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Jayme A. Bertelli, Neehar Patel, Francisco Soldado, and Elisa Cristiana Winkelmann Duarte


The purpose of this study was to describe the anatomy of donor and recipient median nerve motor branches for nerve transfer surgery within the cubital fossa.


Bilateral upper limbs of 10 fresh cadavers were dissected after dyed latex was injected into the axillary artery.


In the cubital fossa, the first branch was always the proximal branch of the pronator teres (PPT), whereas the last one was the anterior interosseous nerve (AIN) and the distal motor branch of the flexor digitorum superficialis (DFDS) on a consistent basis. The PT muscle was also innervated by a distal branch (DPT), which emerged from the anterior side of the median nerve and provided innervation to its deep head. The palmaris longus (PL) motor branch was always the second branch after the PPT, emerging as a single branch together with the flexor carpi radialis (FCR) or the proximal branch of the flexor digitorum superficialis. The FCR motor branch was prone to variations. It originated proximally with the PL branch (35%) or distally with the AIN (35%), and less frequently from the DPT. In 40% of dissections, the FDS was innervated by a single branch (i.e., the DFDS) originating close to the AIN. In 60% of cases, a proximal branch originated together with the PL or FCR. The AIN emerged from the posterior side of the median nerve and had a diameter of 2.3 mm, twice that of other branches. When dissections were performed between the PT and FCR muscles at the FDS arcade, we observed the AIN lying lateral and the DFDS medial to the median nerve. After crossing the FDS arcade, the AIN divided into: 1) a lateral branch to the flexor pollicis longus (FPL), which bifurcated to reach the anterior and posterior surfaces of the FPL; 2) a medial branch, which bifurcated to reach the flexor digitorum profundus (FDP); and 3) a long middle branch to the pronator quadratus. The average numbers of myelinated fibers within each median nerve branch were as follows (values expressed as the mean ± SD): PPT 646 ± 249; DPT 599 ± 150; PL 259 ± 105; FCR 541 ± 199; proximal FDS 435 ± 158; DFDS 376 ± 150; FPL 480 ± 309; first branch to the FDP 397 ± 12; and second branch to the FDP 369 ± 33.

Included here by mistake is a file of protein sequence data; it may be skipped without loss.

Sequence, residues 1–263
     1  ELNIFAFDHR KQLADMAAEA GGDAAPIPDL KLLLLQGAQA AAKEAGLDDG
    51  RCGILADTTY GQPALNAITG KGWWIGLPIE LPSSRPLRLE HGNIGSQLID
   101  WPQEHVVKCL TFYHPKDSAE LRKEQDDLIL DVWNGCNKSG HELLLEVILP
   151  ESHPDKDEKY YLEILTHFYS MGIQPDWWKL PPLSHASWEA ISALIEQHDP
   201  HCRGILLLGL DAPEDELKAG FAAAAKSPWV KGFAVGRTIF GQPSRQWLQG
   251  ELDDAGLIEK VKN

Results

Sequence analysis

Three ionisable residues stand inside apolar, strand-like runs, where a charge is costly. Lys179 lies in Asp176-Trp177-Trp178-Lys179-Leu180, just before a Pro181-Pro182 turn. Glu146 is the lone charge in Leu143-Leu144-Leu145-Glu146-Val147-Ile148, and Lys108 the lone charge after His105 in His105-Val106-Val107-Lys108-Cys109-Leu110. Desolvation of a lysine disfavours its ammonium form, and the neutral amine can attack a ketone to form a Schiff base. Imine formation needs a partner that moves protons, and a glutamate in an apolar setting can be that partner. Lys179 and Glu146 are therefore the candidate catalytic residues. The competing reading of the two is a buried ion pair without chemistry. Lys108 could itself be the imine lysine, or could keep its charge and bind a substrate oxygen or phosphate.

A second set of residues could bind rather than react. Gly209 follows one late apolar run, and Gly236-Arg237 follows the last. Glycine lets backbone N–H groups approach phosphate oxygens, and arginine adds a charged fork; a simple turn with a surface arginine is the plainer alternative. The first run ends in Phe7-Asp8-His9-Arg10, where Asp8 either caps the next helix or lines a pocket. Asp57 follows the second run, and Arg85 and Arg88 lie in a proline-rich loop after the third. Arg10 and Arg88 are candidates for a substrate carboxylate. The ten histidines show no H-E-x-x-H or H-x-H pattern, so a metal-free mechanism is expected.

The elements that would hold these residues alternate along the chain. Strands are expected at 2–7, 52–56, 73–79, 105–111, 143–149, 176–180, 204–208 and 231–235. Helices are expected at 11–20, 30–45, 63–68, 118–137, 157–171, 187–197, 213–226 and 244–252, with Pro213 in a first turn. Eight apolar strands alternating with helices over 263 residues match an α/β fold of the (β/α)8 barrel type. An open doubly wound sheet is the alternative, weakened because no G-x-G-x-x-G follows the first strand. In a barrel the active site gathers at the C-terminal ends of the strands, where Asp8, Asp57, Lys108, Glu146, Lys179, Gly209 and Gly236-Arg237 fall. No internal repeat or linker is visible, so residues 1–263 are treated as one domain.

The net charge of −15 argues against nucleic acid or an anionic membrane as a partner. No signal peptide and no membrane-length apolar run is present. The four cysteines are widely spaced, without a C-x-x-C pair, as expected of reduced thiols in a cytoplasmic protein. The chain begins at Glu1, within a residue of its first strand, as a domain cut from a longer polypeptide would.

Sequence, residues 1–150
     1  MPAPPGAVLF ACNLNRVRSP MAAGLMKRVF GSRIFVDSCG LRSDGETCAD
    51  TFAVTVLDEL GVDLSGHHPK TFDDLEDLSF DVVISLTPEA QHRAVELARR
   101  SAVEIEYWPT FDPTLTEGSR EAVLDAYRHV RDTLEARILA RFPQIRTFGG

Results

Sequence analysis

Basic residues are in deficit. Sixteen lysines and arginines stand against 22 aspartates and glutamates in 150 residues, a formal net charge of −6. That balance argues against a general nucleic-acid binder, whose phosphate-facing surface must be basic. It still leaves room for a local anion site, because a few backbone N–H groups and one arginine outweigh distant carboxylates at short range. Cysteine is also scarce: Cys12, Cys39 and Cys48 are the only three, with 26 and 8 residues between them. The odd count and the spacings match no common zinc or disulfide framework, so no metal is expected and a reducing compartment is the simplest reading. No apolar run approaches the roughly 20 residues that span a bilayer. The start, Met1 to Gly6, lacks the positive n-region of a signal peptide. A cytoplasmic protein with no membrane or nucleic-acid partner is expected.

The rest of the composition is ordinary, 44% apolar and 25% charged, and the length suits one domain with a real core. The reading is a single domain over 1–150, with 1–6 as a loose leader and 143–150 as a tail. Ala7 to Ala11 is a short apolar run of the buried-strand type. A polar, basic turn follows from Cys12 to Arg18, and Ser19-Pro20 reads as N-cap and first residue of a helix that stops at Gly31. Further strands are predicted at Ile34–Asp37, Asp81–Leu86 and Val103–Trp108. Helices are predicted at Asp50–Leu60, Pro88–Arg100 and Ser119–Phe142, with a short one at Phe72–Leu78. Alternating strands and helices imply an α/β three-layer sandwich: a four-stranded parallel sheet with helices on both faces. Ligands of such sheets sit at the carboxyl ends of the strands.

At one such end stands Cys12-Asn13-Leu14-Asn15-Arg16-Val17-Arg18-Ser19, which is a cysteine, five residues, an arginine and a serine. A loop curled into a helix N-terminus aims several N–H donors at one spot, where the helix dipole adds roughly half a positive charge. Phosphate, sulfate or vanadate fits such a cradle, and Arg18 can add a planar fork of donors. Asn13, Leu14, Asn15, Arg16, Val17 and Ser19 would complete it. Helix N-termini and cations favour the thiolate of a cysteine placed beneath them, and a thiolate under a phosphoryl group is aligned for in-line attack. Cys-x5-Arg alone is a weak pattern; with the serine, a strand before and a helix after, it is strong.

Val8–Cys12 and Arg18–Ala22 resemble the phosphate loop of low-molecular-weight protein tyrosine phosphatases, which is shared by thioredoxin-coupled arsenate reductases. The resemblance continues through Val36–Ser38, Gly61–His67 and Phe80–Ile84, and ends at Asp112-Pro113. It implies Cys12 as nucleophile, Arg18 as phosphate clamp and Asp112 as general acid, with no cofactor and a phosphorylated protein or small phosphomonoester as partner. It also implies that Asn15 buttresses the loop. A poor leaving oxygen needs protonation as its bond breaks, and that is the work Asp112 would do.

The median nerve's branching pattern in the cubital fossa is predictable. The most important variation involves the FCR motor branch. These anatomical findings aid during nerve transfer surgery to restore function when paralysis results from injury to the radial or median nerves, brachial plexus, or spinal cord.

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Saud N. Al-Shanafey, Cesar G. Fontecha, Marius Aguirre Canyadell, Francisco C. Soldado, Alejandro A. Rojo, Xavier J. Conesa, Nuria T. Toran, Vicenç M. Ibanez, and Jose L. Peiro


The authors undertook this study to assess the effect of preterm delivery with respect to neural protection in a congenital myelomeningocele (MMC) mouse model.


After confirmation of pregnancy in 15 female mice, a congenital MMC model was produced by administration of retinoic acid on the 7th day of gestation. The pregnant mice underwent cesarean sections on Days 15 (n = 5, Group E15), 17 (n = 5, Group E17), and 19 (n = 5, Group E19). Histological analyses were conducted on the lumbar defect and on the craniocervical junction in all fetuses with MMC.


Fetuses in Group E19 showed the most significant injury to neural tissue of the spinal cord at the MMC area followed by those in Group E17, with Group E15 being the least affected. All groups exhibited a degree of Chiari malformation; Group E19 was the most affected, followed by Group E17, and Group E15 was the least affected.


Development of both Chiari malformation and exposed spinal cord injury are progressive during gestation. Preterm delivery in this mouse model of congenital MMC may minimize the degree of injury to the spinal cord neural tissue and the degree of Chiari malformation.